After 34 Years of Complete Streets, Florida Still Deadly for Pedestrians

Florida’s incremental steps toward complete streets have saved thousands of lives, but still left it one of the most dangerous states to walk in.
April 19, 2018, 12pm PDT | Elana Eden
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Angie Schmitt shares research on the impacts of Florida's 1978 complete streets policy, which mandated the development of new bike and pedestrian infrastructure statewide.

The good news: Researchers found that in the three decades since the law was passed, pedestrian deaths in Florida have dropped by 60 percent.

"Pedestrian deaths fell faster in Florida after the complete streets law was adopted than they would have if the state had tracked trends in peer states or the U.S. as a whole," Schmitt writes. "The difference added up to between 3,500 and 4,000 lives saved over a 30-year period."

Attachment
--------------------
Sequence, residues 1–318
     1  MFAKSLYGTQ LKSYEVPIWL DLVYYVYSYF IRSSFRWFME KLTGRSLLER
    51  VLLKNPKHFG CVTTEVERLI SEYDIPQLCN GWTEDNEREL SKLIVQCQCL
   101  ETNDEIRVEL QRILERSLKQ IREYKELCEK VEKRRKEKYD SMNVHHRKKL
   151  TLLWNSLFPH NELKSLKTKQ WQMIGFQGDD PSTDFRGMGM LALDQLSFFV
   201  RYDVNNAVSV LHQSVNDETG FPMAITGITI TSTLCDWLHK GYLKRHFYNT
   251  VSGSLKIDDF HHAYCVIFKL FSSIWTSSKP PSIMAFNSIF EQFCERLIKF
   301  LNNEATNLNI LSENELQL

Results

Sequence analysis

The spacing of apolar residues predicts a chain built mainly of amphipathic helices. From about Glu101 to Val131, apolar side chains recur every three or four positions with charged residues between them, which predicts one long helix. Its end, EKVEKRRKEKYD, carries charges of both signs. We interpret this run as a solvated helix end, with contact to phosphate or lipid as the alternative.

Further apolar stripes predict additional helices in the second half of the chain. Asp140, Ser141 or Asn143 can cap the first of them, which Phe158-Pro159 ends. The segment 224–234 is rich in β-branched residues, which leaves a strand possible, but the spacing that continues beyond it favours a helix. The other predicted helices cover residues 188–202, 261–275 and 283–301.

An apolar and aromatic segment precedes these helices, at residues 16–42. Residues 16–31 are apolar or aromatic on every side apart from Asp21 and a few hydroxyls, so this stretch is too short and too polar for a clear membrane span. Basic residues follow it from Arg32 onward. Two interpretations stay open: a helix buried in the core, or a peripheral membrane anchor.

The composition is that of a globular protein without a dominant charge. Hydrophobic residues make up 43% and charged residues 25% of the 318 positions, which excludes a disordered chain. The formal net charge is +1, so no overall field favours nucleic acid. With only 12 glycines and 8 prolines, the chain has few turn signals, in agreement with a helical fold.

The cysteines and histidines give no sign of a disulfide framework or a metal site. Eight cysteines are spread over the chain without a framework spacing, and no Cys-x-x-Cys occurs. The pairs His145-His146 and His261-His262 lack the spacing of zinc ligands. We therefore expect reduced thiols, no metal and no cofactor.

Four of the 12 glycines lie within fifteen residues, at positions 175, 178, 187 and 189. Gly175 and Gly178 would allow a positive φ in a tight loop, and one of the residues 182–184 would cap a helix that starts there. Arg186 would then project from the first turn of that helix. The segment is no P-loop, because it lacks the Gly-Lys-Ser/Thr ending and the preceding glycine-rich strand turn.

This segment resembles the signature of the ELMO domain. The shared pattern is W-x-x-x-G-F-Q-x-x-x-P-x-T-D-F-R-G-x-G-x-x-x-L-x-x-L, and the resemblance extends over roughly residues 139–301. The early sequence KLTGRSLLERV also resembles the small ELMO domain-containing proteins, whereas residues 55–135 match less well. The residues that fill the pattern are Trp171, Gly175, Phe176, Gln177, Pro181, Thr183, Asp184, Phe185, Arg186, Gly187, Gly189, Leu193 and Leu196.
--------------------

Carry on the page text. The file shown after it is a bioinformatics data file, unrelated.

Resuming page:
But despite comparatively strong policies and substantial improvement, Florida still consistently ranks as one of the most dangerous states for pedestrians.

"Other state policies worked against the goals of the complete streets law," Schmitt explains. And an embedded car culture at the Department of Transportation kept state projects oriented toward motor vehicles.

The new study comes from a team of University of Georgia researchers led by Jamila Porter.

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Published on Wednesday, April 18, 2018 in Streetsblog USA
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